ITC Goudy Sans is different from most sans serif typefaces, which tend to have a quiet, conservative structure. Instead, ITC Goudy Sans is friendly, almost playful, with an unusual cursive italic. Unlike the obliqued roman italics that are typical of its sans serif cousins, Goudy Sans italic has a light, flowing quality that both complements and enhances the roman design. Most of Frederic Goudy’s designs were serif typestyles based on historical tradition. While not a serif face, ITC Goudy Sans has definite ties with classic letter shapes and exhibits a strong lineage with ancient Roman epigraphy.
The ITC Goudy Sans family developed in three stages. First, Goudy created the three designs of Heavy, Light, and Light Italic for metal typesetting. Many years later, Compugraphic Corporation (the precursor to Monotype Imaging) revived Goudy’s original work for photocomposition. In the process, several improvements were made to the original design, and three more faces were added to the family. Finally, ITC re-released the design under a license agreement with Compugraphic, and the family was enlarged again to its present size of four weights and corresponding italics.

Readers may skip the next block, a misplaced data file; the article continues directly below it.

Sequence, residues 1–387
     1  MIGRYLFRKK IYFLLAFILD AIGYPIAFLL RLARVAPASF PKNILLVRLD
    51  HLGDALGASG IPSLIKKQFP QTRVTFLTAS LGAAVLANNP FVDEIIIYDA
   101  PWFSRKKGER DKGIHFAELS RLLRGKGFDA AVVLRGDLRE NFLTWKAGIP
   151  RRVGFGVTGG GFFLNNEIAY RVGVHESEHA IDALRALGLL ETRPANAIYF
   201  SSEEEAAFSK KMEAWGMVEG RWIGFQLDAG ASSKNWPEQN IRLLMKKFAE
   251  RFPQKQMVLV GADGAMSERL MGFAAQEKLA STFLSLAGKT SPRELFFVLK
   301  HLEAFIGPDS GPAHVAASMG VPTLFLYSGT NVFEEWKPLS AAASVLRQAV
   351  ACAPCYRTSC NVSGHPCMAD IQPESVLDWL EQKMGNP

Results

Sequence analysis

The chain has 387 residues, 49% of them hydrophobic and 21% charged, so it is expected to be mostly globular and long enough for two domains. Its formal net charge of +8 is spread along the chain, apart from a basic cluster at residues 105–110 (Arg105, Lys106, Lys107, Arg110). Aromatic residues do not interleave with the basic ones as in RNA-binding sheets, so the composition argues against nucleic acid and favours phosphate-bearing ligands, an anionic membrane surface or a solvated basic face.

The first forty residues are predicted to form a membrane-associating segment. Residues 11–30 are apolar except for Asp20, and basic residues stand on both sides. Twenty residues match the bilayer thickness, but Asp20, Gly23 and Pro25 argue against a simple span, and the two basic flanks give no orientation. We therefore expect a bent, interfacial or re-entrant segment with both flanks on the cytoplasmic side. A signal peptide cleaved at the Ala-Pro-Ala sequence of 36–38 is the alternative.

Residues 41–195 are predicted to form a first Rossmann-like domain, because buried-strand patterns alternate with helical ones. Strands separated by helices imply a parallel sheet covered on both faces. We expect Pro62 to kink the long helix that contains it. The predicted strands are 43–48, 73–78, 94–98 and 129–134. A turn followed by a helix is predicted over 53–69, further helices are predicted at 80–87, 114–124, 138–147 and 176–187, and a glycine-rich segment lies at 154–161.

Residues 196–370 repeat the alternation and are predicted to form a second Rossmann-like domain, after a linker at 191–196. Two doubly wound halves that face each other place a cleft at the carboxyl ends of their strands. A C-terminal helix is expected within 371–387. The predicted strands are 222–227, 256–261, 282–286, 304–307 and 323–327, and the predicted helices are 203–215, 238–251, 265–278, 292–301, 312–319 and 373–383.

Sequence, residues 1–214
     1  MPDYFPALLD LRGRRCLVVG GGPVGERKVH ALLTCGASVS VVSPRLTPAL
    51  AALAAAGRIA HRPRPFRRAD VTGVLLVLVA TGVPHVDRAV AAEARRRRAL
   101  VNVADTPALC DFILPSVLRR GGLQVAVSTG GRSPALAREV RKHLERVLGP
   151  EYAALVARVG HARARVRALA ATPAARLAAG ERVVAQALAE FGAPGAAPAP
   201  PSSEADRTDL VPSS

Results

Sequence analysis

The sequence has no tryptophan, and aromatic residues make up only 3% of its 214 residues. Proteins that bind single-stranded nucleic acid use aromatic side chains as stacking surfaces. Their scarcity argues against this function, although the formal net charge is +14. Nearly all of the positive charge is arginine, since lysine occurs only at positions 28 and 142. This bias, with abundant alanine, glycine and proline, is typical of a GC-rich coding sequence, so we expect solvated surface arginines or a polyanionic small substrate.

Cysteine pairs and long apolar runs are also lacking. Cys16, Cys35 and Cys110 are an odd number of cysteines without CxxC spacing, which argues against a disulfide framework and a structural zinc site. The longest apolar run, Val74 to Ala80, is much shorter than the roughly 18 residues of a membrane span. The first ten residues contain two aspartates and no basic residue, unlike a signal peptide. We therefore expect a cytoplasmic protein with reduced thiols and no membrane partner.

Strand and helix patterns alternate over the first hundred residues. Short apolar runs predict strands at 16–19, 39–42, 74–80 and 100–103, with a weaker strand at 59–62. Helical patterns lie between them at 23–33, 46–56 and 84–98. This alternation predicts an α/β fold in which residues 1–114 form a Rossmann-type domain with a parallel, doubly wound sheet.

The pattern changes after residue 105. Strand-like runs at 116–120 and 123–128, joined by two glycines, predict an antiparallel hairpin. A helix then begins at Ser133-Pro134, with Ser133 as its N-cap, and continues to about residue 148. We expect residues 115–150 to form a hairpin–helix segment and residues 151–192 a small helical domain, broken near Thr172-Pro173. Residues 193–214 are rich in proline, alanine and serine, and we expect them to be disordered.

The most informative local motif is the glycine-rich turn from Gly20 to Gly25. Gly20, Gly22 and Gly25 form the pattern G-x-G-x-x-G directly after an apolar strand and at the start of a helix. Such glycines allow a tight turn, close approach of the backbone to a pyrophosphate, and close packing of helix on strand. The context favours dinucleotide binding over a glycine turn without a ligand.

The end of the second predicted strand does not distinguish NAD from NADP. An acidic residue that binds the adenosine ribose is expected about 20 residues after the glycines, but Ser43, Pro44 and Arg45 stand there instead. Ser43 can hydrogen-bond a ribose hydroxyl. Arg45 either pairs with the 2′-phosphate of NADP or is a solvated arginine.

All typefaces seem to have limitations (especially those with strong personalities), but few applications are outside the range of ITC Goudy Sans. It can be an excellent communicator. Advertising copy, promotional material, catalogs, brochures and even lengthy text copy are ideally suited to ITC Goudy Sans’ capabilities.